Then we all went down and around a corner, and that’s when we saw the actual “steepest hill” on the PCH. It was only a couple hundred feet high, but the grade was so steep that you could barely turn the pedals. Russ and the Hammock Guys went first and I did my best to keep up. I made the first turn and took a quick break. I was breathing like a maniac. I saw Rama coming up behind me and I went for the next chunk of uphill. I got to the next turn and it was so steep that I couldn’t pedal. I jumped off and pushed my bike around the turn, while sucking wind. I could see the guys at the top. I had to get up there. I hopped on the bike and pushed myself to pedal out the last 100 ft. I made it to the top and sat on the guardrail hyperventilating.
Yes, “that” was the steepest climb on the PCH. Rama made it up and we all relaxed for a bit before moving on. We had gone almost 40 miles and we still had another 20 some to go. The road continued to weave around with ups and downs. The downs were steep, windy and fun. But the ups kept wearing at us. We stopped at a couple of markets on the the way, grabbing supplies and snacks and taking little breaks. It was getting late in the day when we set out for the final sprint to the campground.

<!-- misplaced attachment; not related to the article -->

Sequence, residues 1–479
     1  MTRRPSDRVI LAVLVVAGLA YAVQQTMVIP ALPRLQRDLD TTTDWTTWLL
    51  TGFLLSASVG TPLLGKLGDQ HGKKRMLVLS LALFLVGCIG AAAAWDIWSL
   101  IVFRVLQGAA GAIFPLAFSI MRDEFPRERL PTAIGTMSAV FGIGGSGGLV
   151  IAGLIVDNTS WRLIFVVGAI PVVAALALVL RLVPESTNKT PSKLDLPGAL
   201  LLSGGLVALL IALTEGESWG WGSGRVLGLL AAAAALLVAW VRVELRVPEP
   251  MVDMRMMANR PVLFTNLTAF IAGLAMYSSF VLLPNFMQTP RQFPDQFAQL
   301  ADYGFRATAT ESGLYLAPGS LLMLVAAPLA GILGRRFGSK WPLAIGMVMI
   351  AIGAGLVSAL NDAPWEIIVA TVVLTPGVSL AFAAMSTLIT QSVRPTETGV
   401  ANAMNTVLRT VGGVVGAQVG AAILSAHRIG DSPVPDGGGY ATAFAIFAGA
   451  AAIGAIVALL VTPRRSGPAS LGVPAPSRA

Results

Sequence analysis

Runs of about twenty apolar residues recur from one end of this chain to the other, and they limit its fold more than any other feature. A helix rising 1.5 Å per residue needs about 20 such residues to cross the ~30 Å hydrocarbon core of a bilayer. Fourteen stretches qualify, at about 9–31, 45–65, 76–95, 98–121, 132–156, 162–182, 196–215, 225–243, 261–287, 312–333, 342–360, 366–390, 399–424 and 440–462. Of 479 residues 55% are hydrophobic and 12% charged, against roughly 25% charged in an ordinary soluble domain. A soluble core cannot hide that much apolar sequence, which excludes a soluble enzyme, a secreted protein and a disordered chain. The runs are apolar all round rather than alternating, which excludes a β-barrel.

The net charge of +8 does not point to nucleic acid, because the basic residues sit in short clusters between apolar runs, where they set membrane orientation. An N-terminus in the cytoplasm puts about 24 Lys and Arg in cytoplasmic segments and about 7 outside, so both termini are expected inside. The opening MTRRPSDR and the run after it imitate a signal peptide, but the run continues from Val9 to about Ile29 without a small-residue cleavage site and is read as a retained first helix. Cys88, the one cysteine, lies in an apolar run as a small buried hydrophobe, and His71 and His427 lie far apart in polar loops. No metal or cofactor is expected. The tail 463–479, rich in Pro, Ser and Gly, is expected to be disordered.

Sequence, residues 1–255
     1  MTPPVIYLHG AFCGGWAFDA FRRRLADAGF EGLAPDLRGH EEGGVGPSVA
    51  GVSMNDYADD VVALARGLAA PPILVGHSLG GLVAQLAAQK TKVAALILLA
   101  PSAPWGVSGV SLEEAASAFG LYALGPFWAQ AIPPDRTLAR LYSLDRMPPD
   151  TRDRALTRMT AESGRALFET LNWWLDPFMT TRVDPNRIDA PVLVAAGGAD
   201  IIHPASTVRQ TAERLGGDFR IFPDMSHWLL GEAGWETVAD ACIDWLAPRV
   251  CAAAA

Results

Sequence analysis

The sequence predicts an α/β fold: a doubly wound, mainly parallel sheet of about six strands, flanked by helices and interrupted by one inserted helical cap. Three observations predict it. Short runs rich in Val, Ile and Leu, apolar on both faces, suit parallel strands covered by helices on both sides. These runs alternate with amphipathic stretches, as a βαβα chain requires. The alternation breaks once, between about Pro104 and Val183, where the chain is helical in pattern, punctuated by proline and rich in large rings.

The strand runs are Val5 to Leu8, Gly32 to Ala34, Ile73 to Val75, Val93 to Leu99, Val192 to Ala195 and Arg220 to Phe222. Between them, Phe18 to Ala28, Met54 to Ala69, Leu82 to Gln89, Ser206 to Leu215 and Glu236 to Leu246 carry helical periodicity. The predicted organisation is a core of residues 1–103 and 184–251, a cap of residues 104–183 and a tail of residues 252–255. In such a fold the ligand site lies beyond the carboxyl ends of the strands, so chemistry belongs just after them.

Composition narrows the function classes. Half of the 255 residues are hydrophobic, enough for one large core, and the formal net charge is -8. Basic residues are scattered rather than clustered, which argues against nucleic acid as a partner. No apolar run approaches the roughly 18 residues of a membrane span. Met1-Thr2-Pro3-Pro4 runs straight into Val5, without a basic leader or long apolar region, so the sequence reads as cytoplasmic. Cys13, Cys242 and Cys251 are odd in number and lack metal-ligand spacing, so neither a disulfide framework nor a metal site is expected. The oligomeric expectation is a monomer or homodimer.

Everyone was exhausted and we kept leapfrogging back and forth with the Hammock Guys. Russ and Frank were ahead of me when we came down a steep hill with a hairpin turn at the bottom. I looked over the hill as I zoomed toward the bottom, and saw a row of RVs. Maybe this was the campground. I came to the hairpin and there was Hammock Guy Frank standing and pointing to the entrance of the Anchor Bay Campground. Russ shot past the entrance and had to turn around.
We all wandered into the park, glad to be at our destination for the night. Soon Rama showed up. We we were all setting up our tents, when we realized that Tom hadn’t arrived yet. Rama said his chain came off and that he had passed him a ways back. We all waited, took showers, started making food, and Tom still wasn’t there. We decided that he must have missed the campground entrance. Nobody had service, so there was no way to text Tom. Frank found some wifi and sent a message into the void. Every time we heard a noise we all looked over toward the entrance, hoping to see Tom rolling in.
It was almost dark when Frank finally received a Facebook message from Tom. He missed the park and rode another 10 miles to a state park. Luckily, Eiry and Boris were staying there, so he wasn’t alone. We planned to meet in Gualala the next morning. That night we all stayed up talking to Brittany, a cute girl that was staying at the beach with her parents. She was into yoga and music and was going to school in Seattle for marketing. Frank lit some candles and we all talked and listened to the waves late into the night. It was almost midnight by the time I went to bed. It felt like I had been awake for 2 days. So much had happened in one day. Tomorrow was supposed to be an easier. My legs would need it.
PS. Aunt Cindy decided to end her trip a bit early. She texted us and let us know that she would be renting a car and heading back home. Miss you Aunt Cindy!
(Repost of my 2014 Pacific Coast Tour Instagrams)